Ouya users have not had a lot to be excited about for a while now. Excepting a few titles like Towerfall, there is not much worth owning on the microconsole, and especially few games that are not available elsewhere. As one of the more hyped titles, Airtight Games’ Soul Fjord was looking like it could be a good reason to own an Ouya.
The elevator pitch is great. Soul Fjord is a rhythm-based, hack-and-slash roguelike with a truly unique setting that crosses 1970s funk and 13th Century Norse mythology. Protagonist Magnus Jones has to fight for his right to party after being denied access to Valhalla. Unfortunately, unlike Jones’s expertly coiffed afro, Soul Fjord falls flat in its execution.
Soul Fjord (Ouya)
Developer: Airtight Games
Publisher: Airtight Games
Release: January 28, 2014
MSRP: Free, with microtransactions
To start on a positive note, the strange hybrid setting is fantastic. It seems like a completely random combination, but mixing ’70s soul with Norse mythology is just silly enough to work. It helps that it is supported by some genuinely funny writing, where equippable items have Scandinavian-sounding names and descriptions, but are often just rudimentary bludgeoning tools like stop signs or keg hammers. Heck, there was a loading screen or two that made me laugh, just imagining this Shaft-like figure giving advice for surviving the trip up Yggdrasil.
For the most part, the presentation is pretty decent as well. Character art is sharp, animations are smooth, and the funk soundtrack that changes from level to level is sufficiently funky. There are effects that reproduce the visual artifacts found in 1970s films, and while they fit the theme well enough, they do start to wear thin after a few sessions.
In theory, Soul Fjord could be fun to play. Jones has two basic attacks and a block, and when he hits enemies, numbers pop out of them until they die. The unique element of combat here is that players can deal (or block) significantly more damage when attacking (or defending) to the beat of the music than if they were to mash buttons.
One problem that arises is in the choice of the funk soundtrack. Regardless of what the music is doing, attacks are augmented when performed on the downbeats. By the nature of the genre, the music is very often syncopated; it specifically emphasizes notes in between the beats during certain sections. What results in these cases is rhythm gameplay that relies more heavily on the visual cues than the audio cues. Thankfully, this is not the case for every song in the game, but it is a huge design misstep with those songs that produce this effect.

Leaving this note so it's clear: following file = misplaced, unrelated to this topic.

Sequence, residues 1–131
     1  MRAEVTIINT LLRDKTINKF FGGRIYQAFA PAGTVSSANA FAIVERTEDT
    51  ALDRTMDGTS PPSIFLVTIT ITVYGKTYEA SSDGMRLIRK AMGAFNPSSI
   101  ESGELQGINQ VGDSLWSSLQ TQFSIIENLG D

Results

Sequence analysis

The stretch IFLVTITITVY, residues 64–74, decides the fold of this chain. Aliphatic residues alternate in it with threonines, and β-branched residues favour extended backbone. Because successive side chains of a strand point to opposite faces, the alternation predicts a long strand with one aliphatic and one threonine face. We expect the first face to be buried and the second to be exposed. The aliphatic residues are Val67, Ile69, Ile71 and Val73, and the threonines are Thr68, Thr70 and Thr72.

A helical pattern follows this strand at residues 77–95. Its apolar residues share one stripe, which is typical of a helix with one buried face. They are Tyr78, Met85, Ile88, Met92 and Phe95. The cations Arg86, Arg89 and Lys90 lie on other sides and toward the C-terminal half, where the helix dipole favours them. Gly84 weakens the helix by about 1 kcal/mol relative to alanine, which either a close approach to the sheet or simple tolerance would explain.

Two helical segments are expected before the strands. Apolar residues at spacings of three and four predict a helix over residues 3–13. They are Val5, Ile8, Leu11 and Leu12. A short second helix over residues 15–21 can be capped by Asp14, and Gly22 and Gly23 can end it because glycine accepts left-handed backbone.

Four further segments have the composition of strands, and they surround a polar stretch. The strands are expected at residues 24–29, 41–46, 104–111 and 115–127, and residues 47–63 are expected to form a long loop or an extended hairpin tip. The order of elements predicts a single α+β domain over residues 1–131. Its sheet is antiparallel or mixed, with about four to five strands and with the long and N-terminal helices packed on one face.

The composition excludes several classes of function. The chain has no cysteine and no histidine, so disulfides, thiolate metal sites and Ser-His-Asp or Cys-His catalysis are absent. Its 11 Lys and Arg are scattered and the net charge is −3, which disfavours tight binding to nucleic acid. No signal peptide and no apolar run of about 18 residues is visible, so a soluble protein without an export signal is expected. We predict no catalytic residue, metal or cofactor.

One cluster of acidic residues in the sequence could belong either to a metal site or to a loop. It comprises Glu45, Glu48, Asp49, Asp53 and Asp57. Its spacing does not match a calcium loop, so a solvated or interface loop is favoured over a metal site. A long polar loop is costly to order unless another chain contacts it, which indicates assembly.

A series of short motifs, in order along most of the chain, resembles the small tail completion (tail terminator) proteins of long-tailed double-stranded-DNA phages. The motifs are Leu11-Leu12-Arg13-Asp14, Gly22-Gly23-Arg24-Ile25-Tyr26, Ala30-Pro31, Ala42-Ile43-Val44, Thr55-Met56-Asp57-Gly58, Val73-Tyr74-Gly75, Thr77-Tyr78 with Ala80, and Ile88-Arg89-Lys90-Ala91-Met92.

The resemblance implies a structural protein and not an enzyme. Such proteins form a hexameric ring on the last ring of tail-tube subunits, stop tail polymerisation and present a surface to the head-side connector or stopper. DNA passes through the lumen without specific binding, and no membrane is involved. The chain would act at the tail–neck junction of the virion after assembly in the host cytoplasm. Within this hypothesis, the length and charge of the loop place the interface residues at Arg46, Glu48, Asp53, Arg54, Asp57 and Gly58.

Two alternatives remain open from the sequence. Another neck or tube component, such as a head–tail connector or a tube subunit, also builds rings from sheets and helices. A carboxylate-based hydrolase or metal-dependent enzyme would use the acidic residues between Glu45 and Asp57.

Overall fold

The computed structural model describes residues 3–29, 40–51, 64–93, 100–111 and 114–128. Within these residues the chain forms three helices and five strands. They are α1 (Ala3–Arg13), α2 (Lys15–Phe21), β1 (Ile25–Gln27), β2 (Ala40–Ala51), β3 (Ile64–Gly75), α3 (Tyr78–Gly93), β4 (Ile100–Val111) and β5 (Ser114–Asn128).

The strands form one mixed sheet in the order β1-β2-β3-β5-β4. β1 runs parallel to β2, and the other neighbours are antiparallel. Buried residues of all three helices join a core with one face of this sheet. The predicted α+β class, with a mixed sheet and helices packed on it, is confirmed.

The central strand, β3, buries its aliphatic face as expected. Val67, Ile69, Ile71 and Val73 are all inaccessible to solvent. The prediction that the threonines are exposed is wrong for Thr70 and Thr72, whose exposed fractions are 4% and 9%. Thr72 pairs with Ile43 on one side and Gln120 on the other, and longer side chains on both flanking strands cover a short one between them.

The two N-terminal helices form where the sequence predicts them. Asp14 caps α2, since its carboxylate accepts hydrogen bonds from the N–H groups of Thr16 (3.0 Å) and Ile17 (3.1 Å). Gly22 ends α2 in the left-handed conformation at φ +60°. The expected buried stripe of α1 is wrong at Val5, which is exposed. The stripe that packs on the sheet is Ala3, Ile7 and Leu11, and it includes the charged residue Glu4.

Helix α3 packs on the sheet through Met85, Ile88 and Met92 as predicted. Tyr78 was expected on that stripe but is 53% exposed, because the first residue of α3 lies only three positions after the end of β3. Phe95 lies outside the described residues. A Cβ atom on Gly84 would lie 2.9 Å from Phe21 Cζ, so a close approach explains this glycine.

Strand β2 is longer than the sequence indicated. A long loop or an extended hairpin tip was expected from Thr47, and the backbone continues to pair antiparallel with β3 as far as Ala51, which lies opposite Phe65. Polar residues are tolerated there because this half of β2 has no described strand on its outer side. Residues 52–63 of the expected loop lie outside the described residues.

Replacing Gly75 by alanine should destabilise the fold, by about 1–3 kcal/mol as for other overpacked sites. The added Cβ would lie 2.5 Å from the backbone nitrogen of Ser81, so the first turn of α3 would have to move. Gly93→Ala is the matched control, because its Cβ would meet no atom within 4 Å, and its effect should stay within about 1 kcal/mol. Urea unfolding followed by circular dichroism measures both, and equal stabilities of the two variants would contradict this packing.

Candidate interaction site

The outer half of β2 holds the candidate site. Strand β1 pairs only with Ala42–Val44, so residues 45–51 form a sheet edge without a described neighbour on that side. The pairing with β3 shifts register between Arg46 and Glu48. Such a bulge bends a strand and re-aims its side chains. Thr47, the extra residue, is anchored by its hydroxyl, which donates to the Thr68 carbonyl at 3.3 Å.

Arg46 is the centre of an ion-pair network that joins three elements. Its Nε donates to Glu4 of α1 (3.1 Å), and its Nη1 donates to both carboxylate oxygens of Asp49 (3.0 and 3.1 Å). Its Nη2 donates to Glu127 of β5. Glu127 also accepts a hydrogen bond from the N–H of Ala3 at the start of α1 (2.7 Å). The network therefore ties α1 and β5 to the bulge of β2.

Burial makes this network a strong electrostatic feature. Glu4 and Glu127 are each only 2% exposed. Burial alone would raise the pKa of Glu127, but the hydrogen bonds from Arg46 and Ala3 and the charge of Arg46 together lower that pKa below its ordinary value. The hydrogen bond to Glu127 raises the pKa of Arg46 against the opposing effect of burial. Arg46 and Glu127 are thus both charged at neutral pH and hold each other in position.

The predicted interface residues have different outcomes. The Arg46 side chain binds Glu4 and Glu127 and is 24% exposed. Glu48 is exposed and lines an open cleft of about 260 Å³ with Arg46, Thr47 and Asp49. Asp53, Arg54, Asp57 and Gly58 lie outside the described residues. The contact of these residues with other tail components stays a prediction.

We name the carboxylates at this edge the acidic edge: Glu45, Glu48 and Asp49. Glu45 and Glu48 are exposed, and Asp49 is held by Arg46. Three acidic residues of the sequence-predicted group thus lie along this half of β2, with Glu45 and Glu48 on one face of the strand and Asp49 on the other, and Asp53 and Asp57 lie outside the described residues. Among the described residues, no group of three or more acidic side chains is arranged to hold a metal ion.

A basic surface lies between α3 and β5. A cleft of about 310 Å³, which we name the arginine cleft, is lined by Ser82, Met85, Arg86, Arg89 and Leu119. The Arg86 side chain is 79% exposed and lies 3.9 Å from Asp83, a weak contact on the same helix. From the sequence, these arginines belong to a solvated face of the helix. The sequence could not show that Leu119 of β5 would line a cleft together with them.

The other big issue with the combat, even when the music has a heavy beat to follow, is that it is often slow and dull. Enemies will only attack on the beat, and early in the game their attacks are so infrequent that it is better to ignore blocking entirely and always go for the kill. Each weapon has two unique combos, so carrying around one weapon for a while means pressing the same sequences of buttons, over and over.
Getting to the combat is also a pretty trite affair. Enter a room. Kill all of the enemies. Go to the next room. Repeat. There are a few points of interest that can be found randomly, like rooms filled with spike traps or altars to the gods, but the procedural generation of levels is often squandered on areas with slightly different shapes that all play identically to one another.
Soul Fjord is a free-to-play game, and it comes with all of the trappings of that model, for better or for worse. As a game with roguelike elements, players do not keep items from one play to the next, unless those items are “Soul Bound.” Items that are randomly dropped or purchased with in-game gold can be manually Soul Bound by spending platinum records, Soul Fjord‘s premium currency. Treasure chests can also be opened for a few records, and any items found in this manner are automatically Soul Bound.
Some modicum of persistence in games that otherwise adhere to the roguelike tenet of permanent death is fine, and has even been done quite well in games like Risk of Rain or Desktop Dungeons. It just feels a little strange in Soul Fjord that the persistence is optional and tied to spending real money to maintain it. It feels especially strange in a hack-and-slash game to find a rare weapon or piece of armor but only be able to use it once without paying extra.
However, the impression one gets of the Soul Bound system is heavily dependent on perspective. Rather than thinking of Soul Fjord as a Diablo-style loot fest that is hindered by mandatory microtransactions, if it is viewed instead as a roguelike that is enhanced with persistence through optional microtransactions, then it stings a bit less. Indeed, the game can be played and theoretically completed without spending a penny on it.
That said, it would still require most players several playthroughs to gain the skill necessary to make it through to the end without starting with the most awesome weapons, and the gameplay is just not entertaining enough to support more than one or two runs. Though there are only nine levels, and each lasts between five and fifteen minutes, Soul Fjord was already repetitive and boring by the end of the second attempt.
Soul Fjord started with a good idea, and even has a few redeeming qualities, but in the end, it is just too dull to be enjoyable for longer than a few minutes. The free-to-play aspects don’t ruin the experience, but they don’t particularly help it either. If nothing else, Ouya owners should probably give this a try since it costs nothing upfront, but this is not the system savior that we have been hoping for.